Great is the Lord, and highly to be praised,
And His greatness is unsearchable (Psalm 145:3).
Lots of comfortable, well-worn words here. Sometimes familiarity can hide the truest meaning of the language.
For example, God is “great.”
(God is good, let us thank Him for our…)
Hang on a minute. [click to continue…]
Hi. I’m James Harvey. I’m 63 years old and live in a suburb of Columbus, Ohio called Worthington. There’s no real reason you should know me, unless you take my car payments down at the bank or perhaps were at my recent early retirement party at the local university, where I worked for 23 years.
But what I’m about to share with you could change all that. It certainly changed my life. And I think it can change yours.
More on that in a minute. First, let me give you a little of my “before” picture. It was only a couple of years ago, yet it seems like a lifetime. And my life was a mess.
- I was struggling to make ends meet financially. I would forget to pay bills when I had some money, or remember to pay them when I didn’t have enough.
- I found myself more and more isolated from friends and family. I did my duty when it came to get-togethers or holidays. But there wasn’t much joy in it.
- I was restless and bored at work. There was a time I loved my job, but I reached a point where I was desperate for something new.
- I started having health problems. I’ve always been a pretty healthy guy, but I started getting repeated episodes of bronchitis. My energy level dropped to “turtle-level.” I just assumed it was the natural result of growing older. Boy, was I wrong.
- People started asking me if I was depressed. I didn’t seem like myself, they said. My answer was always the same: “I’m fine!” But in my heart I knew I wasn’t.
Can you relate to any of that? I was “that guy” – the one who felt like he was pushing a boulder up a mountain. Only it felt as though somebody was on the other side, pushing back.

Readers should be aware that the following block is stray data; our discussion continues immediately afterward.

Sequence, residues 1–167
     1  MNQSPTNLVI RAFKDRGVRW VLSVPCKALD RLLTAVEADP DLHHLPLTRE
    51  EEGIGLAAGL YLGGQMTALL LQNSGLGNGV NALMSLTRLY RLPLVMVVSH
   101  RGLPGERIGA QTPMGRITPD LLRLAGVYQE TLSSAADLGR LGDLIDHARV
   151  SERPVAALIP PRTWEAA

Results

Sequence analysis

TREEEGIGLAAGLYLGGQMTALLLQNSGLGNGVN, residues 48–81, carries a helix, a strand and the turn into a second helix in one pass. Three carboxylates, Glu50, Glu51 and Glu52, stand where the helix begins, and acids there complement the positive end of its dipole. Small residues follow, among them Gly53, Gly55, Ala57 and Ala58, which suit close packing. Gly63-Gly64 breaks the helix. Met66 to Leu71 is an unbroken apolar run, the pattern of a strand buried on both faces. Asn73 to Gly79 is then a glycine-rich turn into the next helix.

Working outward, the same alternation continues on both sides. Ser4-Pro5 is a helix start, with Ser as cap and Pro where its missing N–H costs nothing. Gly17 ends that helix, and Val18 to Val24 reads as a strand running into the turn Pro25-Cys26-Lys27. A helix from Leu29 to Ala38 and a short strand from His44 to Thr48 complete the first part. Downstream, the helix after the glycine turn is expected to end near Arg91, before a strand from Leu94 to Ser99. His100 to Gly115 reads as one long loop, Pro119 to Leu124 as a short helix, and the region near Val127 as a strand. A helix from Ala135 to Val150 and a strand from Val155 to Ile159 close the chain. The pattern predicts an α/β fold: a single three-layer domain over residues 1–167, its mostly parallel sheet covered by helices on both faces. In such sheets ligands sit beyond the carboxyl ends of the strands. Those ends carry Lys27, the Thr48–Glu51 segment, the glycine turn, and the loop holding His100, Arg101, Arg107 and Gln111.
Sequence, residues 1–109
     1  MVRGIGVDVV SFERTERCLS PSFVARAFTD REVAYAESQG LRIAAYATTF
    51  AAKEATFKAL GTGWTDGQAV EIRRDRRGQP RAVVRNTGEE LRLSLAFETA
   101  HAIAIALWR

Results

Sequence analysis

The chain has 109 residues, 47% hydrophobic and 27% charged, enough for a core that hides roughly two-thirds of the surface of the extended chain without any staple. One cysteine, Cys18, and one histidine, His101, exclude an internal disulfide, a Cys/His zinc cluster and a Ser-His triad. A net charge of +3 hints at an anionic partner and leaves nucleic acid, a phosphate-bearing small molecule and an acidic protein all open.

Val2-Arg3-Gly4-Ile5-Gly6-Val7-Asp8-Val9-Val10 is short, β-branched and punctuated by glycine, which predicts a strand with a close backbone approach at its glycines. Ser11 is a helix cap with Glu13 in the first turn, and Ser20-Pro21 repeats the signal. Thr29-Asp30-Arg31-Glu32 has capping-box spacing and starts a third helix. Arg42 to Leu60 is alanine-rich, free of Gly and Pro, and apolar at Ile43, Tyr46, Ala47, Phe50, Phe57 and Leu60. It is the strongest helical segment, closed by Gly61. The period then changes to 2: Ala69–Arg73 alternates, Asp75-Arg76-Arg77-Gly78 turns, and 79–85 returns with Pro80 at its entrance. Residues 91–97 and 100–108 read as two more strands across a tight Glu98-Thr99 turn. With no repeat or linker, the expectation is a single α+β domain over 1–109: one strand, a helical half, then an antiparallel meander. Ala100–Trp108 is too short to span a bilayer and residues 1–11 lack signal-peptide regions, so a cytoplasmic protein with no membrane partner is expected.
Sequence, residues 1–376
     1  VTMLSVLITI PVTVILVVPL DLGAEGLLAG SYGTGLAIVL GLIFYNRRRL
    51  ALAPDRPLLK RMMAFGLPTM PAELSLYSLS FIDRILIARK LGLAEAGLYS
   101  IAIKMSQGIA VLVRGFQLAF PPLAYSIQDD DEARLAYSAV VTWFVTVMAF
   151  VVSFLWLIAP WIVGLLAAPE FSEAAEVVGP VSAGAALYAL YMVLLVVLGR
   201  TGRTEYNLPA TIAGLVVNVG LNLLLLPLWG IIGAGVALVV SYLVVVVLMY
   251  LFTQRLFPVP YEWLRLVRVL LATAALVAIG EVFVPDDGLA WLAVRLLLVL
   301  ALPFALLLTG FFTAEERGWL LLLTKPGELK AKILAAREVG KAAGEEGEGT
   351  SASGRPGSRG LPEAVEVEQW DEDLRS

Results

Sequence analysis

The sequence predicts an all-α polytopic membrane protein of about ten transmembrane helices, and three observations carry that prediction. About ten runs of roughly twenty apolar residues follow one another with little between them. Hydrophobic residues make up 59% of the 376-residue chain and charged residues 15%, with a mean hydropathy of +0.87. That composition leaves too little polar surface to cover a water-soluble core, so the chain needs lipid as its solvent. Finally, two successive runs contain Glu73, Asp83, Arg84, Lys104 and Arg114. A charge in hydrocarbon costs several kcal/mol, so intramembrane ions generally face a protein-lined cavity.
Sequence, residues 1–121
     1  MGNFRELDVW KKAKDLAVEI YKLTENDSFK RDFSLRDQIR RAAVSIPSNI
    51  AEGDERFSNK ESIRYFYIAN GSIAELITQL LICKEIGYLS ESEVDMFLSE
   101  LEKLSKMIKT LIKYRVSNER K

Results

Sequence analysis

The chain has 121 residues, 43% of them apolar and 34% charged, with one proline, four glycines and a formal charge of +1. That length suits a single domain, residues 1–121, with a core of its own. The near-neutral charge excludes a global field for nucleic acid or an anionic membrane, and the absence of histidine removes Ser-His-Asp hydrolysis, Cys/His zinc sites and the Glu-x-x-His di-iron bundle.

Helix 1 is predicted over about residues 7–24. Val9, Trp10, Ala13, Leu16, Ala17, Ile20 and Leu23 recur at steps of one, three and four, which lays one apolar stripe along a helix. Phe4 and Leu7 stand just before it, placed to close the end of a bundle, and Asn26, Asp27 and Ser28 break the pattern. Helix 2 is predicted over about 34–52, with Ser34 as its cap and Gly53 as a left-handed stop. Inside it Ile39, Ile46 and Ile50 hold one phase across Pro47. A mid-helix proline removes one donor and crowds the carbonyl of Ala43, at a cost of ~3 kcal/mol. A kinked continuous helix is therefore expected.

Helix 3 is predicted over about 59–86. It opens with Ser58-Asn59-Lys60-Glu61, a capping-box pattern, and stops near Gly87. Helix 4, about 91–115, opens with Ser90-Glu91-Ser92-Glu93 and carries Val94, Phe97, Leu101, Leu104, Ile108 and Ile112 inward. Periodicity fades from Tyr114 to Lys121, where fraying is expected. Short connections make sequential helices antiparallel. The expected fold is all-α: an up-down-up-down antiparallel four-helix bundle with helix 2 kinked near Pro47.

That’s when I rediscovered an ancient secret. [click to continue…]
Things looked bleak for the children in George Muller’s orphanage at Ashley Downs in England. Muller had built his ministry as a model of how God would provide for him with no specific requests for support.
But on this day, it was time for breakfast, and the cupboards were bare. There was no food in the kitchen, no money in the bank. A small girl whose father was a close friend of Muller was visiting in the home. Muller took her hand and said, “Come and see what our Father will do.”
In the dining room, long tables were set with empty plates and empty mugs. Muller gathered the children together and prayed, “Dear Father, we thank You for what You are going to give us to eat.”
Immediately, they heard a knock at the door. [click to continue…]
Remember, You said with broken bread and common cup held high.
Believe… not just once sometime years ago, but today, in this day’s sound and fury
That the gift that You gave for lost hearts of stone (like mine)
Hasn’t gone anywhere – it’s still as alive today as You are.
So never let me forget the supreme price, the steadfast love, the faithful offering
That forever changed my heart of stone to gold… to joy… to peace.
And oh… [click to continue…]
In 1835 a man visited a doctor in Florence, Italy. He was filled with anxiety and exhausted from lack of sleep. He couldn’t eat, and he avoided his friends. The doctor found that he was in prime physical condition. Concluding that his patient needed to have a good time, the physician told him about a circus in town and its star performer, a clown named Grimaldi. Night after night he had the people rolling in the aisles. “You must go and see him,” the doctor advised. “Grimaldi is the world’s funniest clown. He’ll make you laugh and cure your sadness.”
“No, he can’t help me,” said the patient. “You see, I am Grimaldi!”
It’s one of those ironies, a paradox of life in general, and a hidden truth of Kingdom life in particular. Laughter flows out of pain. Joy would be nonexistent without sorrow. Grace wouldn’t exist if there were no need for it. And what I lack becomes the basis for what I have to offer. [click to continue…]
Tell them I said “hi.”
Tell them I’m praying for them.
Okay. Do you want me to tell them what you’re praying?